February 15, 2012 - Wednesday of the Sixth Week in Ordinary Time

Today's Readings

St. James tells us to be quick to hear and slow to speak. This is very good advice. When someone else speaks, listening is an act of great humility. To listen to someone else is the best way to tell them that they are important, important enough to listen to. But we do not only listen for the sake of the other person, for their feelings or so that they will think well of us. If we did that, we would be hypocrites. We listen because we genuinely believe that we do not know everything. It is not possible to be a Christian without humility. “If anyone thinks that they are religious but does not bridle their tongue, they deceive their heart: their religion is vanity.”

St. James also tells us to be slow to anger. The relationship between the anger and Christianity is not easy to parse. On the one hand, Jesus says things like turn the other cheek. On the other hand, Jesus was angry and made a whip and cast all the money changers out of the Temple. So there must be such a thing as righteous anger. But St. James's reason why we should be slow to anger is that anger does not accomplish the righteousness of God, and that is correct. Anger does not accomplish anything. Anger is about stopping something. Sometimes it is necessary to stop evil, but what does that accomplish if we never start doing good?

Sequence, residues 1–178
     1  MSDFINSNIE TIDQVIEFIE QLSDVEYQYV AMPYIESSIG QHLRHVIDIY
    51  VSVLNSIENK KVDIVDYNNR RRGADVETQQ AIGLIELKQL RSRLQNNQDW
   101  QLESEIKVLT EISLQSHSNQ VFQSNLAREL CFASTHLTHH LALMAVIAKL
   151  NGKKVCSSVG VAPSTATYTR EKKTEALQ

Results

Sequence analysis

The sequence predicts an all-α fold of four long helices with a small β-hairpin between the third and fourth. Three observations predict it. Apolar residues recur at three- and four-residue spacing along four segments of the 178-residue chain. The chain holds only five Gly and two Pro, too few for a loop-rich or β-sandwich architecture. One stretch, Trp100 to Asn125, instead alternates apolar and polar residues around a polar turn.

There is a lot of evil in this world. No matter where we look, we are likely to find someone doing something wrong. It is too easy to just be angry. There will never be a shortage of reasons to be angry. So what if, instead of getting angry, we decide to do something positive. Anger does not accomplish the righteousness of God, so we should work to accomplish the righteousness of God.

The world needs changing. If we commit ourselves to doing good in this world, we can change the world. There are so many things we cannot control. Rather than becoming angry at our weakness, we should accomplish whatever we can. I cannot stop selfishness, but I can stop being selfish. I cannot force the government to take care of the poor, but I can take care of the poor. I cannot force people to follow the true morality, but I can, to the best of my ability, assisted by God's grace, be moral.